come on now...you should be careful...it sounds like you are clutching at straws to justify its use to me - there is no need to justify any of your actions. I am here to discuss...not to convince..or to otherwise be convinced of anything.


It's not like I'll win a free trip to moon if I manage to convince you?! I can't believe how you started getting so defensive all of a sudden after being so helpful all the way. I was just expressing my opinion for the sake of discussion and I don't see any reason to start getting hostile. If you're not convinced that managing one rendering context instead of several is both easier and more convinient, so be it. We have different opinions, big deal. Even if I was blindly insisting on a falacy, which I was *not*... well, it's my loss if I want to act blindly and there's no need for you to get defensive over it.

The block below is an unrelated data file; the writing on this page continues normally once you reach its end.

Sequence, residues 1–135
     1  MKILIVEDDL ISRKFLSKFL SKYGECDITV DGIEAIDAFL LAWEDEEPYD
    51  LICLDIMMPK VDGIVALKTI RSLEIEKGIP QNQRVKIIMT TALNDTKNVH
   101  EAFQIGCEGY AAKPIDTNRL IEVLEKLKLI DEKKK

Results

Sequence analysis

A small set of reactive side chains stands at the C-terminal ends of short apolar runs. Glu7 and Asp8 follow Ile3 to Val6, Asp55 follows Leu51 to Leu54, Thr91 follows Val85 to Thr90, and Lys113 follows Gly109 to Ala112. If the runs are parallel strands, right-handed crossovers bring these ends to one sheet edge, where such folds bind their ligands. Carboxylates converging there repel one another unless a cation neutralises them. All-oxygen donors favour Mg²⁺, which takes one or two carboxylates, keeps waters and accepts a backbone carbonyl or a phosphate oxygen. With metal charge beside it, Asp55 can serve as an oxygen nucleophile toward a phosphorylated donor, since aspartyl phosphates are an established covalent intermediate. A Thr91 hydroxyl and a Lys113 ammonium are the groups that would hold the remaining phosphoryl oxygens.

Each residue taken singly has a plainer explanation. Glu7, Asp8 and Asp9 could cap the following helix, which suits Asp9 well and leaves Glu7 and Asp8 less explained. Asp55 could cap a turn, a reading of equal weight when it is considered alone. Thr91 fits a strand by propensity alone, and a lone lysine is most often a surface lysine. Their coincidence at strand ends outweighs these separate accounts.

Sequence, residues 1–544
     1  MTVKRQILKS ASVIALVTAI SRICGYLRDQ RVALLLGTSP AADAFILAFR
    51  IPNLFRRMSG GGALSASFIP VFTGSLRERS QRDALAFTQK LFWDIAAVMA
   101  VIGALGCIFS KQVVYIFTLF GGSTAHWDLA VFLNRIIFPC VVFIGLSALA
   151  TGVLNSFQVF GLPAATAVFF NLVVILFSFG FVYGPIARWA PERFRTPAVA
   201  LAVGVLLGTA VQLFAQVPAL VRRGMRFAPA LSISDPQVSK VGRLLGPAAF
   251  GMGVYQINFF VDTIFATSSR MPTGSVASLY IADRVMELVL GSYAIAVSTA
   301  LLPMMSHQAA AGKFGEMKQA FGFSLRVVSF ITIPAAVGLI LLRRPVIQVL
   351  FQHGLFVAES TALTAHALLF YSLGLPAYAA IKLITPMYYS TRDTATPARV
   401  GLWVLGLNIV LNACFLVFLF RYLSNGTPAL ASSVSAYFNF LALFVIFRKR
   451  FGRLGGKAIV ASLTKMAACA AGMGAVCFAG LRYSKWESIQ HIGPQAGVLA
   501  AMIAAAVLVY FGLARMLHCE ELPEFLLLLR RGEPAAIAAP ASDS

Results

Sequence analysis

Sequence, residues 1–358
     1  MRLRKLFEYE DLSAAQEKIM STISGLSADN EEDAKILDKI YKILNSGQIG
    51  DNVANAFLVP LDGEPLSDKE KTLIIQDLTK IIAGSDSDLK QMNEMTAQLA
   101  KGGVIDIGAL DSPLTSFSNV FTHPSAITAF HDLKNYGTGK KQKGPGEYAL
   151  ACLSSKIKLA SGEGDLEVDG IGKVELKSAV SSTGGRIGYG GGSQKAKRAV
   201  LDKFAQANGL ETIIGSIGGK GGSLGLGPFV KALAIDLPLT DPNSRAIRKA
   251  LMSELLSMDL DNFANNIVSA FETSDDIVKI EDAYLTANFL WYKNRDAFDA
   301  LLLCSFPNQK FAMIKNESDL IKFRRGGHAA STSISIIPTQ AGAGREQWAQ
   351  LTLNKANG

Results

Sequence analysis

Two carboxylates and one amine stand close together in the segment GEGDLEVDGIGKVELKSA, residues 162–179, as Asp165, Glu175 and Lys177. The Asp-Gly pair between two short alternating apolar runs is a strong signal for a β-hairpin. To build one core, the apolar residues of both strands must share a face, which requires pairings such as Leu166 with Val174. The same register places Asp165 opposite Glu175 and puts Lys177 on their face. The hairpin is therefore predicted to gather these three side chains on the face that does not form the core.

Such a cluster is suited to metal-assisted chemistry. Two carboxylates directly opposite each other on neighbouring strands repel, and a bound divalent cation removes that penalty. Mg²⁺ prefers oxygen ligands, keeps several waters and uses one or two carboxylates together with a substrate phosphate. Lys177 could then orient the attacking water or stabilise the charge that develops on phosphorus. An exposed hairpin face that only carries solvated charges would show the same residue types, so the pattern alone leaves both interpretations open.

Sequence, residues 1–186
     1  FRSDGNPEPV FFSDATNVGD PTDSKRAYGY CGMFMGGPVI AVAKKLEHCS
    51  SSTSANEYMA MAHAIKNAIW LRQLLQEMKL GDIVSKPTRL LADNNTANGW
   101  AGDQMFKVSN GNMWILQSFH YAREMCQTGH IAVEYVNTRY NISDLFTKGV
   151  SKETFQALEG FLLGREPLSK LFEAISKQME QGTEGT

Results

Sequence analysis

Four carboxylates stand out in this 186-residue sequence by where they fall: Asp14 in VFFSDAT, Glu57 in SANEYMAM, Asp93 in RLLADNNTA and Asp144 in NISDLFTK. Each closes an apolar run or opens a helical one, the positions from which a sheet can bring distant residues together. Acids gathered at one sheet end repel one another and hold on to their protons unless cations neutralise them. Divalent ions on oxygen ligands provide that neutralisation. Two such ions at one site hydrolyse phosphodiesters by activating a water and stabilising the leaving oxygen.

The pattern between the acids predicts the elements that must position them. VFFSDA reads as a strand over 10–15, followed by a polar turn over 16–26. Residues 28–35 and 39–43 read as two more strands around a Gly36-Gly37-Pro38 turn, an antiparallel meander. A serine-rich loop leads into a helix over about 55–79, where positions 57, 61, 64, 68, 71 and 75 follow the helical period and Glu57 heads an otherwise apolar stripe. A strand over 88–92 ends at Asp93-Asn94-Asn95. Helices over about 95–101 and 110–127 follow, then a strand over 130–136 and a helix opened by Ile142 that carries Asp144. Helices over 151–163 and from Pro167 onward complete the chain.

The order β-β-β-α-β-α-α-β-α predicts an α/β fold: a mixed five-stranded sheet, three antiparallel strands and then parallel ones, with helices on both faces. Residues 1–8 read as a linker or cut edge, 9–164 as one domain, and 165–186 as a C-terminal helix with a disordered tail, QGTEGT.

Thank you both of you guys for sharing your knowledge with me.

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Something you may find interesting Ashkan:
I thought I would start a little investigating into the notorious expense of opengl render context switching vs 1 context + multiple device contexts.

I also said:
Quote:

OOps - should be real easy to just change it over to the one context multiple window method then!!! I put my foot in it now hey?


And it is true: All I did is the following:

private: System::Void ShareGLContexts()
{
/**** (A)changed this ***********************/
// get the contexts to share resources
HGLRC c1 = m_OpenglViewports[0]->GetContext();
HGLRC c2 = m_OpenglViewports[1]->GetContext();
HGLRC c3 = m_OpenglViewports[2]->GetContext();
HGLRC c4 = m_OpenglViewports[3]->GetContext();
// whats with the going overboard with sharing both ways?: could be a problem.